Nevertheless, if we want to reduce moral hazard, we must confront big banks.  In an IMF conference in 2013, Ben Bernanke stated that banks must be allowed to fail in order to eliminate the threat moral hazard.  That said, as the failure of Lehman Brothers in 2008 showed, bank failure can have devastating consequences on the economy.  As such, Bernanke believes that policy makers need to devise a systematic and controlled way for banks to fail.  This systematic failure should minimize the impact of bank failures on the economy.  While I do not understand the details of this systematic failure, my hunch is that Bernanke has proposed gradual bank failure, where failed banks slowly fall out of existence with the help of the government as opposed to dropping out of the economy at the onset of bankruptcy (Bloomberg: Bernanke Says Failing Bank Process Needed to Reduce Moral Hazard).

It seems clear that to avoid another bank collapse, we must reduce the effects of moral hazard.  Ironically, however, banks are so influential that many policymakers lack the guts to address the issue or moral hazard.  Consequently, banks continue to operate knowing that in the event of disaster, the government will likely come to their aid.  To address the issue of moral hazard, therefore, it seems that we must have a transition period, where systematic failure is implemented, bank regulations are increased, and moral hazard is reduced.  Naturally, during this transition period, bank profits and GDP will fall, and this fall in GDP will be painful.  But just like saving money, it will be beneficial in the long run; this transition period will reduce moral hazard while forcing banks to appreciate risk and operate in a responsible manner.

It will be very challenging to find politicians willing to take us through this transition period.  Certainly, politicians proposing a painful transition period won’t easily win the favor of voters.  Maybe, though, if we can sever the ties between political fundraising and banking, we may be able to elect such a politician.

What’s the Easiest Way to Clean Up a Mess? Don’t Make a Mess

A WSJ article reports that Chinese banks are finding creative ways to deal with “non-performing loans.”  Specifically, these banks are raising capital to offset the losses they will inevitably incur when borrowers default on these non-performing loans.  Combined with gradual write-offs of bad debt, this increase in capital is intended to lessen the need for a government bailout. (Beijing Tests Tools to Tackle Bad Debt).

As was the case for many American banks after the housing crisis in 2008, government assistance was necessary to absorb the losses brought about by non-performing loans.  McKinsey estimates that over the next 5 years, Chinese banks will require $320 billion in capital to prevent non-performing loans from causing bankruptcy.  While this $320 billion is not as much as the near $500 billion pumped into the US economy by the TARP program, it is still a substantial amount of money that the government must spend.  And when the government spends money bailing out banks, it means the government is not spending money elsewhere (like improving education or infrastructure).  In my opinion, bailing out banks is certainly not the best use of the government’s money.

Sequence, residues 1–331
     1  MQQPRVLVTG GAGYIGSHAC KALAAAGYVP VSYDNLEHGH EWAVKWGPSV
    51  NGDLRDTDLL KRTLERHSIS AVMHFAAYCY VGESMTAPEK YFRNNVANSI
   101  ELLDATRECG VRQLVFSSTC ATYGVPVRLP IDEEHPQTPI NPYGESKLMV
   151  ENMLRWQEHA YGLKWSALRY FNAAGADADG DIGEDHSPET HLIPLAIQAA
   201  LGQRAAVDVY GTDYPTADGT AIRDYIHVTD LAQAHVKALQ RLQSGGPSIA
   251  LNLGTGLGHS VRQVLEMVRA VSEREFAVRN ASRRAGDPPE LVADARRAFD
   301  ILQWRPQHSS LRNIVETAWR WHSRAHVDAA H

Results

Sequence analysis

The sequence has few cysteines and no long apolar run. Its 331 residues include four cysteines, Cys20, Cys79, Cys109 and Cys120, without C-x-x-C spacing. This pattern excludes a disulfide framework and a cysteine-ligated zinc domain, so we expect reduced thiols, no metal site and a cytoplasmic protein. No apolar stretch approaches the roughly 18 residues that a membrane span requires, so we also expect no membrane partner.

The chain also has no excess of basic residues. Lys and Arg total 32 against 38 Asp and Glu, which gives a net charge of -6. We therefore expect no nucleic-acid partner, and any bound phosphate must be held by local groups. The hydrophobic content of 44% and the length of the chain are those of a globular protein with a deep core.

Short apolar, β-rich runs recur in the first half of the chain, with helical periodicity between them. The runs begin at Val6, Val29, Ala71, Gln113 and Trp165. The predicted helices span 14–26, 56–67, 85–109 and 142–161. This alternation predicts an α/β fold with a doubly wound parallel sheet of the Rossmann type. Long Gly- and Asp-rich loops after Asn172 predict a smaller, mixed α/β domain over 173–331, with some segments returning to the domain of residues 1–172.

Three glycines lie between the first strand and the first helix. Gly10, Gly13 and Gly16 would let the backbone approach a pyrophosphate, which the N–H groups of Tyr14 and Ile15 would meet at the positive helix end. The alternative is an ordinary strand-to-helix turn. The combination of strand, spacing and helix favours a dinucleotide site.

While reading the WSJ article cited above, one thing in particular stood out to me: the entire article discusses how Chinese banks are working to reduce the consequences of non-performing loans; not a single sentence discusses how Chinese banks are working to prevent non-performing loans in the first place.

After a little google searching on the topic, I found a few unsatisfying articles discussing how banks can reduce non-performing loans, but none of the proposed strategies really seemed effective.  For example, one article discussed how in late 2013, JPMorgan Chase announced that it would no longer issue student loans because on average, the risk of default on student loans is too high (Without “Meaningful Growth” in Student Loans, JPMorgan Chase Stopping Them Altogether) .  To the credit of JPMorgan Chase, not issuing loans at all is definitely one way to eliminate non-performing loans.  But the market demands student loans, and by choosing to not issue these loans at all, JPMorgan is reducing opportunity for students who will not default.  In this way, I don’t see JPMorgan’s solution as a viable way to reduce the number of non-performing loans in the long-term.

That said, reducing the amount of non-performing loans should be a top priority for economists and financial experts.  If we can reduce the amount of money the government spends on bailouts, we can redirect this spending to areas where it will have a greater impact of the country’s welfare.  Alternatively, we could not spend this money at all, helping to drive down America’s excessive pile of debt.  I’ll be interested to see how the focus of economists and financial experts evolves as the country recovers from the Great Recession, as I believe there should be less effort spent on solving the problem and more effort spent on preventing it.

As the economy continues to recover, I think increased regulation will likely be the primary way that the US addresses non-performing loans.  And while regulation has its place, I think that intrinsically motivating banks to issue smart loans is much more effective than extrinsically forcing them to do so.  To achieve such intrinsic motivation, we need to reduce moral hazard by allowing failing banks to fail.  By doing so, I believe we can demonstrate to banks that they are solely responsible for their own successes and failures, and hopefully banks will respond by making smarter lending decisions.